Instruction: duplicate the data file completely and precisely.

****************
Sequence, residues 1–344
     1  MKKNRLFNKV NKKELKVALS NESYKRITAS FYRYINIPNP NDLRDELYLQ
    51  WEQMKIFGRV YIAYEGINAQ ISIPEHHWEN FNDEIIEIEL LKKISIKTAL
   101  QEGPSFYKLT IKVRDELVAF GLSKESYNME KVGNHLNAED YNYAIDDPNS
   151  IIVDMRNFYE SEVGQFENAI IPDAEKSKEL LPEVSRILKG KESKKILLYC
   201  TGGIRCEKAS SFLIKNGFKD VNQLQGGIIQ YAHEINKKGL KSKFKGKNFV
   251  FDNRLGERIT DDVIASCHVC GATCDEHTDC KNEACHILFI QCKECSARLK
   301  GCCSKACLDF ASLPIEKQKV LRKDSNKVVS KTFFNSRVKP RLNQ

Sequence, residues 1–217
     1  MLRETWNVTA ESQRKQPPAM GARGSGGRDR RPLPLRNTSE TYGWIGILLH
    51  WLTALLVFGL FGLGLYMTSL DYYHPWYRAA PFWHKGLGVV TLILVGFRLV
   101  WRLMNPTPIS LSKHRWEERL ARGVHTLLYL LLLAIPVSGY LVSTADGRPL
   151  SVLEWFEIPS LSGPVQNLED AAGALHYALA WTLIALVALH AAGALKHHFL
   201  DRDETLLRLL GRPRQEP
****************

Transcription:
Sequence, residues 1–344
     1  MKKNRLFNKV NKKELKVALS NESYKRITAS FYRYINIPNP NDLRDELYLQ
    51  WEQMKIFGRV YIAYEGINAQ ISIPEHHWEN FNDEIIEIEL LKKISIKTAL
   101  QEGPSFYKLT IKVRDELVAF GLSKESYNME KVGNHLNAED YNYAIDDPNS
   151  IIVDMRNFYE SEVGQFENAI IPDAEKSKEL LPEVSRILKG KESKKILLYC
   201  TGGIRCEKAS SFLIKNGFKD VNQLQGGIIQ YAHEINKKGL KSKFKGKNFV
   251  FDNRLGERIT DDVIASCHVC GATCDEHTDC KNEACHILFI QCKECSARLK
   301  GCCSKACLDF ASLPIEKQKV LRKDSNKVVS KTFFNSRVKP RLNQ

Sequence, residues 1–217
     1  MLRETWNVTA ESQRKQPPAM GARGSGGRDR RPLPLRNTSE TYGWIGILLH
    51  WLTALLVFGL FGLGLYMTSL DYYHPWYRAA PFWHKGLGVV TLILVGFRLV
   101  WRLMNPTPIS LSKHRWEERL ARGVHTLLYL LLLAIPVSGY LVSTADGRPL
   151  SVLEWFEIPS LSGPVQNLED AAGALHYALA WTLIALVALH AAGALKHHFL
   201  DRDETLLRLL GRPRQEP